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Orange grove

Cointreau & sustainability – from the orange grove to the cocktail glass

Conceived in 1849 by the creative mind of a visionary, Édouard Cointreau, Cointreau orange liqueur has endured for centuries whilst remaining true to itself. The excellence of  Cointreau would not be possible without concrete action in the field of corporate and environmental responsibility, from the orange groves through to the cocktail glass.

Every day since the House’s creation, the same techniques have been passed down and repeated. From the selection of orange peels, chosen for the organoleptic qualities of their essences; to the harmonious blending of ingredients to achieve the ideal aromatic balance; to the grand finale, the distillation in 19 custom copper alembics just like those used by Édouard Cointreau over a century ago.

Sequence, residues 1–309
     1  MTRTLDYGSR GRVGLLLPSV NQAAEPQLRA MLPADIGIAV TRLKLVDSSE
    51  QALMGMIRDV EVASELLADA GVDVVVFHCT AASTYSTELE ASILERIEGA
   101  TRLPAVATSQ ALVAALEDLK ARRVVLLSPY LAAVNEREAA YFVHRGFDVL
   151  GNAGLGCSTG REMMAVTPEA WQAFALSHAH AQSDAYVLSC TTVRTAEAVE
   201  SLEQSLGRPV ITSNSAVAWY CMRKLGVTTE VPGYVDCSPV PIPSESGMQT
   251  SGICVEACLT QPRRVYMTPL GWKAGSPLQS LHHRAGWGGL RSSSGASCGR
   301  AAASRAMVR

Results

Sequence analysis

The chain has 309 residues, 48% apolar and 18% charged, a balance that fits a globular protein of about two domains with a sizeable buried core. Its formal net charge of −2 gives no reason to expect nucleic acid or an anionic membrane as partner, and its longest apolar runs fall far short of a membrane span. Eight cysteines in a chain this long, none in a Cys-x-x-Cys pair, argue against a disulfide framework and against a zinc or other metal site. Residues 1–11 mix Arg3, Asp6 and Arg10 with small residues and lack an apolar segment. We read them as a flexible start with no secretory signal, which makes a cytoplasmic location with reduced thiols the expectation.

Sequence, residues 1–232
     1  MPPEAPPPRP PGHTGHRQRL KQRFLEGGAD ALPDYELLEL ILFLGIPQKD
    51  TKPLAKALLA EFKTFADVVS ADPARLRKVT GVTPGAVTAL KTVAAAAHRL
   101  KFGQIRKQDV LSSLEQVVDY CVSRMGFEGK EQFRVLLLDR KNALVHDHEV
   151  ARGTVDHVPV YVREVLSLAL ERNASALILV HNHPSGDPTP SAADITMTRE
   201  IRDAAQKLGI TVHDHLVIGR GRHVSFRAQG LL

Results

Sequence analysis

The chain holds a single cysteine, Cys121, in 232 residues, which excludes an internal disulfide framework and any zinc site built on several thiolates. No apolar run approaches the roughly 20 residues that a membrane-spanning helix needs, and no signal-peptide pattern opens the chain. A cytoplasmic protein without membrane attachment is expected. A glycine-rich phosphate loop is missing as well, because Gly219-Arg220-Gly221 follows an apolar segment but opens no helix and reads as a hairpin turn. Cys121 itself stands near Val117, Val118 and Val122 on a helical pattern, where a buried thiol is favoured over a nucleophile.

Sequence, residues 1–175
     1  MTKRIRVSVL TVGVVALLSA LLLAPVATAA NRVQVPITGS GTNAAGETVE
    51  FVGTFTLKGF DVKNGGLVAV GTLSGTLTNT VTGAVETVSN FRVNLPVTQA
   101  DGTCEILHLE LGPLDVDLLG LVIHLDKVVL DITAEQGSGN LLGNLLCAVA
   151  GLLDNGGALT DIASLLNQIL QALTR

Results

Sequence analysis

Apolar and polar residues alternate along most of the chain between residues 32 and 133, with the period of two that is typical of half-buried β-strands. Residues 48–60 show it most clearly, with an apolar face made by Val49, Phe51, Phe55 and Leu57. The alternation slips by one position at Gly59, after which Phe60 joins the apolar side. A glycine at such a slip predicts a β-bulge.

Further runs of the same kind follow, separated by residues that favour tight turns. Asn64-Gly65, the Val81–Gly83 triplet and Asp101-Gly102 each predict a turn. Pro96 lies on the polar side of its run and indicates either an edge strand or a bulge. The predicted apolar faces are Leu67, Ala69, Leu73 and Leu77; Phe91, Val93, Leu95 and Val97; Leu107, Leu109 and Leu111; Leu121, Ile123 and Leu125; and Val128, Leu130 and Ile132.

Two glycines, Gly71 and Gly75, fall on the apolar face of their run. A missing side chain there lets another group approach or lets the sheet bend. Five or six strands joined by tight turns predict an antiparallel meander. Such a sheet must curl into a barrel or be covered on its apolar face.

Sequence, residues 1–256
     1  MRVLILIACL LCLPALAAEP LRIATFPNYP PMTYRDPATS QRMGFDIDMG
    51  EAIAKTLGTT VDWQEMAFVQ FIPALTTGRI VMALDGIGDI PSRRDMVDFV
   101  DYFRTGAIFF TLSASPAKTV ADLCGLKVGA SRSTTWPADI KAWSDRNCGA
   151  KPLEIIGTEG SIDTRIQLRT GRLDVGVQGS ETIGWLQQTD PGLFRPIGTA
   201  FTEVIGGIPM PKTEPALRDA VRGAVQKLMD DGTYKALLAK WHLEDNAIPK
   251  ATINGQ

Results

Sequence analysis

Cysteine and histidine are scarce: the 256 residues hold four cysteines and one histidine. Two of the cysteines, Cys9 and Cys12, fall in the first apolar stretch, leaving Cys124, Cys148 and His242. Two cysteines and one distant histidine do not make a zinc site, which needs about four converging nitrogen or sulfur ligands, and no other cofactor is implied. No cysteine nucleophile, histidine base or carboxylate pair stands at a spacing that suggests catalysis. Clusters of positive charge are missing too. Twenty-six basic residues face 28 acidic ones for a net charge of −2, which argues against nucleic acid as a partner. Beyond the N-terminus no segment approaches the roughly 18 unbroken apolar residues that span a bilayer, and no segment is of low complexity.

“My main goal is to perpetuate the original flavour of Cointreau liqueur, the one created by Édouard Cointreau.”
Carole Quinton, Master Distiller.

Squeezing the orange skin

The raw material, peel from sweet and bitter oranges, which are each peeled by hand, grows within a complex and sensitive ecosystem that the House has decided to protect to ensure that the excellence that Cointreau holds so dear endures. By supporting producers, by helping them to adopt more soil-friendly farming practices and by encouraging research into new solutions, the House of Cointreau is committed to protecting the very essence of its terroirs. This ambition and drive involve practical steps set out in its 2025 plan, Sustainable Exception.